A few months back, I stumbled upon an abandoned Shell gasoline station near Shenandoah Caverns in Virginia.
A late autumn trip to West Virginia’s Greenbrier Valley isn’t complete without a visit to a few abandoned or forgotten…
Like a beacon along Interstate 75 in Campbell County, Tennessee, two rusty Ferris wheels and a mock Titan rocket still command attention from passing motorists.
When my friend Ben motioned that he wanted to explore West Virginia and visit some of the places made famous…
The Greenbaum Building in Waverly, Ohio is no more.
Located in rural Monroe County, West Virginia is Sinks Grove, named for the many sinkholes throughout the area. It could…
The Blue Sulphur Springs Resort is an all but demolished and forgotten springs resort in Greenbrier County, West Virginia. Named…
Work is progressing on the stabilization of the shuttered Sweet Springs Resort in eastern West Virginia.
For years I have passed by an abandoned roadside curiosity in southern West Virginia. On a Sunday drive through the…
Located along the back roads in the Pocahontas Coalfield of southwest West Virginia is the long-abandoned Algoma Company Store and…
With the inauguration of United States President Joseph R. Biden, Jr. today, I wanted to share a history and gallery of 43 crumbling effigies of the presidents of the United States that stand in a field near Williamsburg, Virginia.
A late autumn drive in the fog and rain along Upper Delaware Scenic Byway along the Delaware River on the edge of the Catskill Mountains of New York can take anyone’s breath away.
The Millard F. Field Building, located at Winchester Avenue and 16th Street in downtown Ashland, Kentucky, was home to the Field Department Store and Sears.
While living in the now-demolished Friar’s Club in Cincinnati, Ohio between 1941 and 1944, Lumen Martin Winter painted murals on the walls of the residents’ lounge. The 1,600 square-foot scenes, painted in tempera emulsion on a casein ground, depicted regional highlights of industry, music, religion, and literature.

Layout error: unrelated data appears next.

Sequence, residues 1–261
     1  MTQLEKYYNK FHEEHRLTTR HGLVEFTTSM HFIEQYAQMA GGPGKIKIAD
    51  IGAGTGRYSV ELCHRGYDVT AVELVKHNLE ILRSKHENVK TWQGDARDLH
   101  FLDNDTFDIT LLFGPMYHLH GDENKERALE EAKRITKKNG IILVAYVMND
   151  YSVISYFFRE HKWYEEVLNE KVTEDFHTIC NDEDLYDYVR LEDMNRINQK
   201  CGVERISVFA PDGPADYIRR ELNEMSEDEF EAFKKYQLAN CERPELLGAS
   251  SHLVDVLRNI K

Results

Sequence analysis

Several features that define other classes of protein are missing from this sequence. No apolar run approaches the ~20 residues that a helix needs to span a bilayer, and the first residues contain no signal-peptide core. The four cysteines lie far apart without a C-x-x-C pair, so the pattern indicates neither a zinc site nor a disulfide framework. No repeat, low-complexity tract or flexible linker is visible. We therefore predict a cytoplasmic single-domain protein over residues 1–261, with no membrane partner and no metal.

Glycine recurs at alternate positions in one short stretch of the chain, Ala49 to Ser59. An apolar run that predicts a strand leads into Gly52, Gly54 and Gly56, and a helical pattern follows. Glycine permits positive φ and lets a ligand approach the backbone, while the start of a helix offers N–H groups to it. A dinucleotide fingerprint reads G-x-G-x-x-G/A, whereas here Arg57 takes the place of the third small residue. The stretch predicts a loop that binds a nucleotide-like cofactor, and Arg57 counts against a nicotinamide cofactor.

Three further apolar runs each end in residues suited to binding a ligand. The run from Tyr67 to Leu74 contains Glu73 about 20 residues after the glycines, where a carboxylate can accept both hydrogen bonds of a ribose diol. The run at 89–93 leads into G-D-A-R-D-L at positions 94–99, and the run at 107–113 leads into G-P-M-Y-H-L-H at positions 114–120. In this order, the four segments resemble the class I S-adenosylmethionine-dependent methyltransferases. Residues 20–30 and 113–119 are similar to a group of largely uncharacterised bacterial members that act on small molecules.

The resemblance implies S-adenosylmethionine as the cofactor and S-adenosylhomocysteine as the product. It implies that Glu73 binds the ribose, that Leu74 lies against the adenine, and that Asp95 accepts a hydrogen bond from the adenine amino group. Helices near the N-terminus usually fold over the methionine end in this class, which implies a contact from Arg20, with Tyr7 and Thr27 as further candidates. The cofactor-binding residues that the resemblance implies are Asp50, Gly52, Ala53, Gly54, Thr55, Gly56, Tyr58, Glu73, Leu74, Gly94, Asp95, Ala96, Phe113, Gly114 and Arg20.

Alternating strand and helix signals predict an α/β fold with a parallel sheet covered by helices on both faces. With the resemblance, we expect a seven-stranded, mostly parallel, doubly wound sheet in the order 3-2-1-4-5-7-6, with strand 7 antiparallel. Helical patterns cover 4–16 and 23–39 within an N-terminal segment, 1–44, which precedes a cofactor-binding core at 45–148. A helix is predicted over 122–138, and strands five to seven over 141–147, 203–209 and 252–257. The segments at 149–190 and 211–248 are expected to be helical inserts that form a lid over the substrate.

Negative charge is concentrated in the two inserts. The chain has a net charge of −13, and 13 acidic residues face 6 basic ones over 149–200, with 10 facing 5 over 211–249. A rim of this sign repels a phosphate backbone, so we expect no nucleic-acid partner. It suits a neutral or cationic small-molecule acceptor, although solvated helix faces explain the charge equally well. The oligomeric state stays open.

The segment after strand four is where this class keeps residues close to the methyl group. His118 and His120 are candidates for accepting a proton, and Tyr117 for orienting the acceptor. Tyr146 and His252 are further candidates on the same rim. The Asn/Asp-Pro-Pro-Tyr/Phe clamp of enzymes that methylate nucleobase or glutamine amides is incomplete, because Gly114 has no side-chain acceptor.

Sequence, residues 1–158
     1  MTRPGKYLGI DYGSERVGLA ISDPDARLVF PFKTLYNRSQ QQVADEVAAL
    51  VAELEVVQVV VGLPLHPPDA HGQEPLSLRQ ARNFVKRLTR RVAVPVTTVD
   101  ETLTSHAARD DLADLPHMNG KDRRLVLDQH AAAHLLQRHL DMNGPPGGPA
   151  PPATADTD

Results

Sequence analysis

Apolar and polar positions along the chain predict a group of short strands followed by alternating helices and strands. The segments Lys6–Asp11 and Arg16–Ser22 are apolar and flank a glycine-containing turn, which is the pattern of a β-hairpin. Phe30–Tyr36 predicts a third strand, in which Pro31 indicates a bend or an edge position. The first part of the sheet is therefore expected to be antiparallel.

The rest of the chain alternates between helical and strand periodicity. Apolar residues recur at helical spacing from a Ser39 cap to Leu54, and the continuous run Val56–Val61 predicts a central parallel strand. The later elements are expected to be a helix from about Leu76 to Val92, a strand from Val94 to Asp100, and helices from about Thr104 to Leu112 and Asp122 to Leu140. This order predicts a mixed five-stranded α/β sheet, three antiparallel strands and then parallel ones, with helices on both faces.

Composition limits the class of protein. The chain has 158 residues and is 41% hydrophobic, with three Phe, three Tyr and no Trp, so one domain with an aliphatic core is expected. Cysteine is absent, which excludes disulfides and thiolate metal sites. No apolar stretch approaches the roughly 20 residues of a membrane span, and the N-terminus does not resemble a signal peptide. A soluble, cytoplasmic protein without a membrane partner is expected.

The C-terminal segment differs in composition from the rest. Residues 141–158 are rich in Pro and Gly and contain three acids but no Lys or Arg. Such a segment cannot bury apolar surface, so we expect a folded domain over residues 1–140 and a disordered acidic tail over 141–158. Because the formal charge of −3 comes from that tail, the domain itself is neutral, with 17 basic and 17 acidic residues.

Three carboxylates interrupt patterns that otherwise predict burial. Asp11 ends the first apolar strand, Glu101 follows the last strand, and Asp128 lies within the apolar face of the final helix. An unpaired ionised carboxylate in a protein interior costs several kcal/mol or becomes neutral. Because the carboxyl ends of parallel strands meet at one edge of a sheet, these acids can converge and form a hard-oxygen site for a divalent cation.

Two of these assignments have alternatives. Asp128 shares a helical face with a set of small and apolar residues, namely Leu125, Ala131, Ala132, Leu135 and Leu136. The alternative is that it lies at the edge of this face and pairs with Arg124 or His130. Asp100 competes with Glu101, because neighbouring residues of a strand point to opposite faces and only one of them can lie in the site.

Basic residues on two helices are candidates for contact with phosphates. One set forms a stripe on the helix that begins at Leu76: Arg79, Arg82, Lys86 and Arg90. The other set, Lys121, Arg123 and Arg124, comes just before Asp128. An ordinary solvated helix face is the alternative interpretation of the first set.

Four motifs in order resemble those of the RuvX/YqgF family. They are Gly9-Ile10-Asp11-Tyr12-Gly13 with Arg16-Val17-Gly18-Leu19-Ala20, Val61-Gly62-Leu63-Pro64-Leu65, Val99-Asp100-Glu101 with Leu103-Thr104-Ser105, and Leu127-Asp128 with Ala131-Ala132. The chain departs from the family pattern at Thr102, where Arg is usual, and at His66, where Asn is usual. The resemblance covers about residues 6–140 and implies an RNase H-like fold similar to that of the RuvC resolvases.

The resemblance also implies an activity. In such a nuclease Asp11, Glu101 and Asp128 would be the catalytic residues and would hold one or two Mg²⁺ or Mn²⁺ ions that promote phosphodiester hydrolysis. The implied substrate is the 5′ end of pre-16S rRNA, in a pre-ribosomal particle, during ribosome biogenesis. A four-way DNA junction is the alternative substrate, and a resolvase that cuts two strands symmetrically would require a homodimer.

The former Belvedere Hotel in Apollo, Pennsylvania was a hoarder’s paradise.
Amazon has been called the killer of the American indoor shopping mall in countless articles. But it’s been no secret that traditional shopping centers have been struggling long before the advent of online shopping, with the United States boasting more square feet of retail than any other developed nation by far. It is with some irony that Amazon is building new fulfillment centers on the grounds of two dead malls.
The discovery of an untouched apartment above a long-abandoned pharmacy in New York led me to think about my mortality and how finite my life is.
Once considered outdated and redneck, dirt oval racetracks have made a resurgence across the rural swaths of America as unending regulations and expensive fares making it hard to justify trips to a NASCAR race track. Local dirt track racing has come back full throttle, although that resurgence has not spread to the abandoned West Virginia Motor Speedway near Parkersburg, West Virginia.
East Liverpool, Ohio, once lovingly referred to as the “Crockery City” and the “Pottery Capital of the World,” is the classic definition of the Rust Belt. Much like Pittsburgh with its reliance on steel mills and Cleveland with its manufacturing plants, East Liverpool was dependent around the pottery industry because of ample natural resources, access to newly laid railroads, the Ohio River, and an untapped market.
When the Dennison Hotel on Main Street in downtown Cincinnati, Ohio closed in 2011, it marked the end of a hoteling era. The single room occupancy extended stay facility once competed with the Browne Hotel, Fort Washington Hotel, Fountain Square Hotel, and others — all of which are long closed and demolished.
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